Yet, because of this perverse incentive from the government, consumers are being forced to buy maimed technology that limits them to a standard definition picture, far into the future -- or waste lots of money, their own and the government's. Oh, well.

By the way, I bought the Insignia NS-DXA1 box, retailing for $60, which is the same device as the Zenith DTT900 except for the logo. It has an excellent picture, sound, and on-screen menu. When I hooked it up to my old rabbit-ear antenna, it discovered well over a dozen Boston-area broadcast channels in all their digital perfection.

Friday, January 23, 2009

You had me at Hindu

President Obama (it feels good to write those two words!) said in his inauguration speech:
We are a nation of Christians and Muslims, Jews and Hindus - and non-believers.
This line made Boston Brahmin's day.

It's nice to be acknowledged by the president that I am American, too. I will never forget what then-Vice President George H.W. Bush said to a reporter in 1987: "No, I don't know that atheists should be considered as citizens, nor should they be considered as patriots." And I will never forgive.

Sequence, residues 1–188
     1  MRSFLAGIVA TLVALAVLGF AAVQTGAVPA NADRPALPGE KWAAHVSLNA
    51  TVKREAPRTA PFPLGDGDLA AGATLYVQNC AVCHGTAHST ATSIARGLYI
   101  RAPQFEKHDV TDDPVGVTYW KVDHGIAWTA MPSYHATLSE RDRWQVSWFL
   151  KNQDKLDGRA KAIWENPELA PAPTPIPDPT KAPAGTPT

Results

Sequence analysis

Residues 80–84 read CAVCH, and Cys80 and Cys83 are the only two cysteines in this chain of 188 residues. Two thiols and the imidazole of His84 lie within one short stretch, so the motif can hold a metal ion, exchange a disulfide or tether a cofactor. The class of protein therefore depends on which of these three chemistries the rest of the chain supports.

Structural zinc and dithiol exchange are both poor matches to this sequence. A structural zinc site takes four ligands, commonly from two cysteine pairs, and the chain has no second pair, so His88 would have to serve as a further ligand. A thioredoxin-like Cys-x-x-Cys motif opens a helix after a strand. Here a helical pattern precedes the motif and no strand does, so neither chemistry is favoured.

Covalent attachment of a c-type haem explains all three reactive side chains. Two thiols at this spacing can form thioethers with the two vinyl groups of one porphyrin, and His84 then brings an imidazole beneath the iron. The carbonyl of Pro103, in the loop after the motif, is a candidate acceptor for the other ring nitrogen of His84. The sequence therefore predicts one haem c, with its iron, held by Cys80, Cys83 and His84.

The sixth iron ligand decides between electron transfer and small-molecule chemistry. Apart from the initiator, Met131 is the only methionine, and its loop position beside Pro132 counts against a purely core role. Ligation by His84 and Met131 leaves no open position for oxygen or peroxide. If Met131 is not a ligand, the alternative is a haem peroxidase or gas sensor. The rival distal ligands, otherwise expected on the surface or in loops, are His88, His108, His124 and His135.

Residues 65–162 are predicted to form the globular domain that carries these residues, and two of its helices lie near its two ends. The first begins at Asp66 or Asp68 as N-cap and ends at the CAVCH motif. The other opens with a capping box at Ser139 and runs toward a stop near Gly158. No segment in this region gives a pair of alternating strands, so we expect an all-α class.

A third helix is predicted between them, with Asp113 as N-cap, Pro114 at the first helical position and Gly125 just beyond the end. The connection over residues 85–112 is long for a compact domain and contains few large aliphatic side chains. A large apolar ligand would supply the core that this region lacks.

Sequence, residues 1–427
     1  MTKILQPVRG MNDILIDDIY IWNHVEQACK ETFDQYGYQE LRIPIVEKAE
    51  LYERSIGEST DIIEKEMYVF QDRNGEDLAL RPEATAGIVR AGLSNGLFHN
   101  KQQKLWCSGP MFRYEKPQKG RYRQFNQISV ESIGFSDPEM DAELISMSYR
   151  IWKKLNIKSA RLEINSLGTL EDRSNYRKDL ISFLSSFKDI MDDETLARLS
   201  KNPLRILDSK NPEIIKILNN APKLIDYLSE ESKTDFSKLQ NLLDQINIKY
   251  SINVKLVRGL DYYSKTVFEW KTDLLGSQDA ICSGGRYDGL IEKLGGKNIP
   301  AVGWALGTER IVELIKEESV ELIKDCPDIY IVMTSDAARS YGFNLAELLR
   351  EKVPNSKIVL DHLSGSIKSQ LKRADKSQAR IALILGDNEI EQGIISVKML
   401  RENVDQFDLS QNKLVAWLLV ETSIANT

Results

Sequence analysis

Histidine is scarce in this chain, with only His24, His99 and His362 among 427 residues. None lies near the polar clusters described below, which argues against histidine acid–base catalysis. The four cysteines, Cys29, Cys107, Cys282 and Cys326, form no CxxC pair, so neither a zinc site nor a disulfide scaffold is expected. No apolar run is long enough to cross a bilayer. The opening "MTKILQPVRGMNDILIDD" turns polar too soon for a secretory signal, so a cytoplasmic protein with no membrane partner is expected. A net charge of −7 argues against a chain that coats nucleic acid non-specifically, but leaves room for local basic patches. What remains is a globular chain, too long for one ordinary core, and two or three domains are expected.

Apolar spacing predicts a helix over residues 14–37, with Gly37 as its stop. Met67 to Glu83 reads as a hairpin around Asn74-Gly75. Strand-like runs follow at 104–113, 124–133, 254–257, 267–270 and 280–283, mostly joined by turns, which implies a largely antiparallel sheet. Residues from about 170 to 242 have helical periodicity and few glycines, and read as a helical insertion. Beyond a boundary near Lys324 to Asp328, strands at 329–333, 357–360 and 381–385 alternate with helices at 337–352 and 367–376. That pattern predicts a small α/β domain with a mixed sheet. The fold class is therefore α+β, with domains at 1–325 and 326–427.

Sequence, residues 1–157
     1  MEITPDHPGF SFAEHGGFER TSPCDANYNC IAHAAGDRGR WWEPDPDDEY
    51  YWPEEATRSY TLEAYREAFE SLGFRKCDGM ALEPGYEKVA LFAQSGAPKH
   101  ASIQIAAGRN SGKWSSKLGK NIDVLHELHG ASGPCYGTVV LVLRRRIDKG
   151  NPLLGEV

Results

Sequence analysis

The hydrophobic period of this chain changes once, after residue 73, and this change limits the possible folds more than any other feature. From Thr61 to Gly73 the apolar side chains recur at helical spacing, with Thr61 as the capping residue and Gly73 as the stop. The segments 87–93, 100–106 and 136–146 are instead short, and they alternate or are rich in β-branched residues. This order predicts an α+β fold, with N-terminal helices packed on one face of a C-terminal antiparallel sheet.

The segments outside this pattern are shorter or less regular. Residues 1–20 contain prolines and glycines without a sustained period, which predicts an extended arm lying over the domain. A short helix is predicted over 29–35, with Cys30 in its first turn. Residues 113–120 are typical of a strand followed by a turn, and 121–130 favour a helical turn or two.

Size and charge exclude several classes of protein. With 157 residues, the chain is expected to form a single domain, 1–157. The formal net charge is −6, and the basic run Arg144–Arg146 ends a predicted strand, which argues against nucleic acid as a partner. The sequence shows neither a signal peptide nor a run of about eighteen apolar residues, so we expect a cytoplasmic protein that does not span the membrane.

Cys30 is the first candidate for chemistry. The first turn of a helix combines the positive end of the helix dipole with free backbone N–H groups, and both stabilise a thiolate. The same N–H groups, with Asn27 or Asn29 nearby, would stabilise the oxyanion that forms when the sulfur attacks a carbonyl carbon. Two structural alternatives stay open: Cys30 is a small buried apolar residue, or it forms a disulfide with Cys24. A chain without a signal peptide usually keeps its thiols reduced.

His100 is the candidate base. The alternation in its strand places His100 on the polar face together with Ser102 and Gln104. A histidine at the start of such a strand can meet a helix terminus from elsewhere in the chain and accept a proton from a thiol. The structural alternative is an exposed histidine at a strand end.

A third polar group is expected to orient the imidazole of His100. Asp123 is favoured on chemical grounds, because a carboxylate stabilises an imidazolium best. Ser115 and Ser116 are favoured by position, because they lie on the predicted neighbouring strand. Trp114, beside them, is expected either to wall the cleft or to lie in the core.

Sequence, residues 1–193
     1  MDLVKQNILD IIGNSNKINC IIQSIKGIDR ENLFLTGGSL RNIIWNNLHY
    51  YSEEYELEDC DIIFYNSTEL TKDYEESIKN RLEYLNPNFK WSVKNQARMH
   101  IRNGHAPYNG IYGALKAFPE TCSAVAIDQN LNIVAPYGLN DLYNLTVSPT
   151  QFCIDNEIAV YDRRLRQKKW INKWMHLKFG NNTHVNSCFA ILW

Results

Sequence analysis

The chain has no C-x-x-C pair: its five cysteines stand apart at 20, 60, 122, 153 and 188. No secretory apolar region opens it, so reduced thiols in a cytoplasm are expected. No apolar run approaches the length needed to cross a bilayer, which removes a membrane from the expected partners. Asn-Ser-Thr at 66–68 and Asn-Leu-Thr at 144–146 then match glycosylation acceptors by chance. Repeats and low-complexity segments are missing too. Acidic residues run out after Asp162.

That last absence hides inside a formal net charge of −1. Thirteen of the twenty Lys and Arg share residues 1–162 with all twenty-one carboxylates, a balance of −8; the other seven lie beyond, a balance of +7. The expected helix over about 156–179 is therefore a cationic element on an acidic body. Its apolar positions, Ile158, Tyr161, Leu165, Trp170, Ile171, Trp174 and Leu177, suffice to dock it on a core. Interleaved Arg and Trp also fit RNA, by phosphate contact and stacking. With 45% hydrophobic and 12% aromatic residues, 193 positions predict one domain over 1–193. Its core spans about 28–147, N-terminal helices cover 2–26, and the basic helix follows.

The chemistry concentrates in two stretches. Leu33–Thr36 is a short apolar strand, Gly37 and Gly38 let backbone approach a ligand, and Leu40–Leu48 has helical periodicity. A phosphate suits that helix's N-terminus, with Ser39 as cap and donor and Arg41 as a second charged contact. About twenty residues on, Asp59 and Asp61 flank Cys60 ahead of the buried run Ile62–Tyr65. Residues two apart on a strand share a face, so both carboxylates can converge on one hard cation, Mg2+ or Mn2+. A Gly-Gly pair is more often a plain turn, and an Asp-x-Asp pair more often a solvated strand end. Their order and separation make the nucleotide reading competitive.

In India it's a common sentiment to respect all religions. Every neta worth his salt knows to sprinkle it in his speech. The first Prime Minister, Jawaharlal Nehru (1947-1964), was an agnostic. Even the right-wing BJP respects and celebrates the "Indian traditions of the Muslims, Christians and Parsis" (link to their manifesto).

But the Land of the Free is far more conservative and backward in this respect than India, and many powerful people, particularly in the Republican party, still consider this a Christian nation. It is unprecedented for a Presidential inaugural address to include the words Hindu and non-believer. As both, Boston Brahmin has put up with a lot, including a "National Prayer Service" at the "National Cathedral."

Given that God's Own Party (see Kevin Phillips's article) would count even worshipping Hindus as "non-believers", and therefore unpatriotic, I find it difficult to understand how any Hindus can ever support a Republican candidate in any election. But I know there are such people, proving that the world is full of mystery.

Obama was speaking to all of us who don't follow any Middle-Eastern religion, acknowledging our American-ness. Whether he meant by "Hindu" a follower of Sanatana-Dharma, or just any South Asian generally, this is a great step forward. In any case, the guy walks the talk of a new inclusiveness. Congratulations, America! We're at last catching up to where India was sixty years ago.

Friday, January 16, 2009

Slumdog hit the trifecta